Strategic Management Models
Written by Gregory Steffens for Gaebler Ventures
How do companies create and maintain a sustainable competitive advantage? Through a combination of unique resources and stakeholder relations, organizations strive to outperform their competitors.
According to the resource-based perspective of a firm, an organization can be viewed as a collection of its financial, physical, human, intellectual, and general resources.
The Resource-Based View
Financial resources include the firm's monetary sources and abilities to fund its operations.
Physical resources involve the company's property, plants, and equipment, as well as its ability to obtain raw materials. Human resources consist of the experience, backgrounds, and capabilities of the firm's personnel. Intellectual resources are comprised of the firm's knowledge and learning abilities that allow it to stay innovative and competitive. Finally, the general resources of the firm vary between business and industries, but some examples include the company's culture, internal processes, management techniques, relations with suppliers, and organizational structure.
The resource-based view attempts to help companies identify the resources it controls that can lead to the creation of a sustainable competitive advantage. However, these resources must contain some intrinsic value. A resource is considered valuable if it is unique, difficult to imitate, and difficult to substitute. If a single firm, or only a limited number of firms, possess a resource that is impossible or costly to imitate, competitors find themselves at a disadvantage. Firms need to focus on this resource and fully exploit it. If done correctly, the resource should lead to a sustainable competitive advantage that offers the firm above-average performance for an extended period of time.
The Stakeholder View
The stakeholder view of a firm takes into account all internal and external groups that have an interest in a firm's operations. These stakeholders are directly impacted by the decisions and actions of the company. Common stakeholders include the organization's shareholders, management, employees, suppliers, customers, special interest groups, local communities and local governments.
With this perspective, organizations need to participate in two activities, stakeholder analysis and stakeholder management.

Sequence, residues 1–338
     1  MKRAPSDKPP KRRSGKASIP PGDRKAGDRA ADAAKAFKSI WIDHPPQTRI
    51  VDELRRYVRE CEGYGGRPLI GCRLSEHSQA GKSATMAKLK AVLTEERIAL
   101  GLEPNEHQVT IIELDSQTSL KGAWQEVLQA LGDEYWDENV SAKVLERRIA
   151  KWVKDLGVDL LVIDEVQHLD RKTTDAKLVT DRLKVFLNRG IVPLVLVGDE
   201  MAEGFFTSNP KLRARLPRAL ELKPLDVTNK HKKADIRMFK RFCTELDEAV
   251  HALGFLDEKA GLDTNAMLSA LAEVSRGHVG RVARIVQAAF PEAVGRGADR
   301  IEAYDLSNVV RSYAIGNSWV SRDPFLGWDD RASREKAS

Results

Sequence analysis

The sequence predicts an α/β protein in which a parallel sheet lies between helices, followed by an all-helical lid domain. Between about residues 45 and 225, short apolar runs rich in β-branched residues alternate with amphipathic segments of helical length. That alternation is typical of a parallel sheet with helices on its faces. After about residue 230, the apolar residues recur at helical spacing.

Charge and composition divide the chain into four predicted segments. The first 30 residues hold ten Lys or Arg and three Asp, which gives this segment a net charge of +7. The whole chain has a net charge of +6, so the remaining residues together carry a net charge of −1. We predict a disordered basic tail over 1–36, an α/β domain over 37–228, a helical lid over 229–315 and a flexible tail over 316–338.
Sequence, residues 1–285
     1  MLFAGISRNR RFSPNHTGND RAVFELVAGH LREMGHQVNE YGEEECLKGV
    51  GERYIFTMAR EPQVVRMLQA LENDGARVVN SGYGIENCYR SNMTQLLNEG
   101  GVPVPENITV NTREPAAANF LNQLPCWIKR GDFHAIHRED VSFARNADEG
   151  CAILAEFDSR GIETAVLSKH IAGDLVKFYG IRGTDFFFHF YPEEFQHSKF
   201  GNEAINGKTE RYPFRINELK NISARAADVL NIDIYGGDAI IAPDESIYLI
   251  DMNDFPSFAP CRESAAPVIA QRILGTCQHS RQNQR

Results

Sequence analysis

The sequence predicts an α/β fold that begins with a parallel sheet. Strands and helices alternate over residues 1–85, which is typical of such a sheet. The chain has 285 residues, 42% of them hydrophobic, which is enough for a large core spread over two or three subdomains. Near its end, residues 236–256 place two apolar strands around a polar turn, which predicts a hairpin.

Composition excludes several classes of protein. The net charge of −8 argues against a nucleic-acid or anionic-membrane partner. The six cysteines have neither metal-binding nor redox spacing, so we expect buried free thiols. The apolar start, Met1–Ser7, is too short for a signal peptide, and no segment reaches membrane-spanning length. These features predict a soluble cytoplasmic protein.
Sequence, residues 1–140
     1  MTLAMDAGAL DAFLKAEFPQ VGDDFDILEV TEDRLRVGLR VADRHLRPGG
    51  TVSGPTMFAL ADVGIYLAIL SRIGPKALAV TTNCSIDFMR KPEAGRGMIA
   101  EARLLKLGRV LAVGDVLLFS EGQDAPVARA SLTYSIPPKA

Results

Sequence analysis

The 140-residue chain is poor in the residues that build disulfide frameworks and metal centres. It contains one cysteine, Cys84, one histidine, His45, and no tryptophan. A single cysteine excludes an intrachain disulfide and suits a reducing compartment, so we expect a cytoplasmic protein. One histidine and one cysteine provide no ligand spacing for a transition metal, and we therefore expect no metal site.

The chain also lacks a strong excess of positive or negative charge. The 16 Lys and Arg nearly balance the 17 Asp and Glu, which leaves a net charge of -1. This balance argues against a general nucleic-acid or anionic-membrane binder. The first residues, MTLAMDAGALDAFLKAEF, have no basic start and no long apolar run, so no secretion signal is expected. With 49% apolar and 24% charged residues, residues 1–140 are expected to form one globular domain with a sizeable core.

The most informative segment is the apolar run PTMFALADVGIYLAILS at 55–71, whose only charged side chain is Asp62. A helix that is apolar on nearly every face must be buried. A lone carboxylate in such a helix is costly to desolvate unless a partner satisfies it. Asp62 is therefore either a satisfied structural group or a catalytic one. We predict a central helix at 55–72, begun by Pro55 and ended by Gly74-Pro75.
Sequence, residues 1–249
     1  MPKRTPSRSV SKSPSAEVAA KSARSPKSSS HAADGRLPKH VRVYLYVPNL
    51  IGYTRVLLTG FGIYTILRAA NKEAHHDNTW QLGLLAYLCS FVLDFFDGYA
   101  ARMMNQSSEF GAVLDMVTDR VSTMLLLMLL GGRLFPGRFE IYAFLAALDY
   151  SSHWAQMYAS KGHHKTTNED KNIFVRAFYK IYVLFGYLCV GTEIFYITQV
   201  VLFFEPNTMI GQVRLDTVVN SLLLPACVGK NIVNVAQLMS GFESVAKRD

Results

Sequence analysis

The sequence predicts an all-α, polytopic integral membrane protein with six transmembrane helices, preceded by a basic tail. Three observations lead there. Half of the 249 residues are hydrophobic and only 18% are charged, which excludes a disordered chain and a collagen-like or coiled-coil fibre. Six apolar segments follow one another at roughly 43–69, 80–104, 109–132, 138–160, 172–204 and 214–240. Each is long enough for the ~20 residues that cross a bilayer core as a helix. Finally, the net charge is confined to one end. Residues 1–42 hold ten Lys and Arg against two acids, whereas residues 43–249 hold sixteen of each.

Stakeholder analysis involves identifying the particular company's stakeholders, evaluating their wants, needs, and ideas, and assimilating their contributions into the firm's strategic management processes. The stakeholder view intends for firms to evaluate the impacts of their actions on stakeholders and recognize the potential consequences from their strategic decisions.
However, an important aspect of this analysis requires the firm to prioritize certain stakeholders over others. For instance, management needs to pay more attention to the needs of the firm's shareholders than a special interest group trying to further their ideals. This can often be a difficult task given the large numbers of stakeholders many companies have; however, organizations need to recognize the stakeholders who are most important to the firm's success, and prioritize them accordingly.
The stakeholder view also requires firms to engage in stakeholder management. This process involves managing the firm's relations with stakeholders through communication, negotiation, and contracting. Moreover, motivating different groups of stakeholders to act in ways that benefit the firm, as well as its other stakeholders, is an important aspect of stakeholder management. Maintaining good working relations with internal and external stakeholders has resulted in increased performance and decreased risk for many organizations. Therefore, participating in this process increases the likelihood of a firm creating a sustainable competitive advantage.
The resource-based and stakeholder views are not competing perspectives, rather they are simply processes for organizations to identify or create competitive advantages. Companies depend on their stakeholders to obtain and develop their resources. Being in good standing with these stakeholders increases the probability for the company to receive more beneficial terms from arrangements. For instance, a supplier might offer a better price for the goods and services it provides, or a retailer may push a firm's product over a competitor's.
Gregory Steffens is a talented writer with a strong interest in business strategy and strategic management. He is currently completing his MBA degree, with an emphasis in finance, at the University of Missouri.
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